- #1

Ebby

- 41

- 14

- Homework Statement
- What is the speed of the arrow when the bow string reaches its equilibrium position?

- Relevant Equations
- F = -kx and F = kx

U = 0.5kx^2

K.E. = 0.5mv^2

The question is easy. I merely have a query:

When the bow string is released, the potential energy stored in it ##U = \frac {kx^2} {2}## is all transformed to kinetic energy ##K = \frac {mv^2} {2}##, so we have:$$v = \sqrt {\frac {k} {m}}x$$

I now need to eliminate ##k##, so I can use ##k = -F/x##:$$v = \sqrt {\frac {\frac {-F} {x}} {m}}x$$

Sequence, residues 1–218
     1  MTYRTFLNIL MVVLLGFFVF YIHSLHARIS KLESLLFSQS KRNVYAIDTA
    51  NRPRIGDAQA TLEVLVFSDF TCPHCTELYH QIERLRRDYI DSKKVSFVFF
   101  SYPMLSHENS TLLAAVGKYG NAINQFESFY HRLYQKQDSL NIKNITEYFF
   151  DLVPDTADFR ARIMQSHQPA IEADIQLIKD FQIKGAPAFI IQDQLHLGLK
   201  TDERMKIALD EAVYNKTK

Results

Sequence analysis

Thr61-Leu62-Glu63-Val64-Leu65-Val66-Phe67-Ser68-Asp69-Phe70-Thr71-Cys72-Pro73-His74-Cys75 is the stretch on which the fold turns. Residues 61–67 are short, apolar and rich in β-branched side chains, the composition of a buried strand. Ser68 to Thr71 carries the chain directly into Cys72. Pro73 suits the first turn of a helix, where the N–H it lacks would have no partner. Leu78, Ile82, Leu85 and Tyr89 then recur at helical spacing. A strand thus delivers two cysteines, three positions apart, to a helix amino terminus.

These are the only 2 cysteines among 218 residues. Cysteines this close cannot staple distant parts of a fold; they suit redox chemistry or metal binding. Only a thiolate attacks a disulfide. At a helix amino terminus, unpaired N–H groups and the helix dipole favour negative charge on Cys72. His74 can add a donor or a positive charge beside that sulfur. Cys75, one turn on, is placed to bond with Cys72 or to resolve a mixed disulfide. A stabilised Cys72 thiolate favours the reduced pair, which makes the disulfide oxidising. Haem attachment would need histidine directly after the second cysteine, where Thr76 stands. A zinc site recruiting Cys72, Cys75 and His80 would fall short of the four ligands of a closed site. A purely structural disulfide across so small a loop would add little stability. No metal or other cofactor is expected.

Obviously this is no good because I need to take the square root of a negative quantity. So I use ##k = F/x## instead:$$v = \sqrt {\frac {\frac {F} {x}} {m}}x$$

My question is how using ##k = F/x## (i.e. the postive version of this equation) logically follows in the maths. Is it because the potential energy was originally put into the bow string by me doing positive work on the string, where the force is in the direction of the displacement. Or put another way, I draw the string back, and hence ##k = F/x## applies instead of ##k = -F/x##?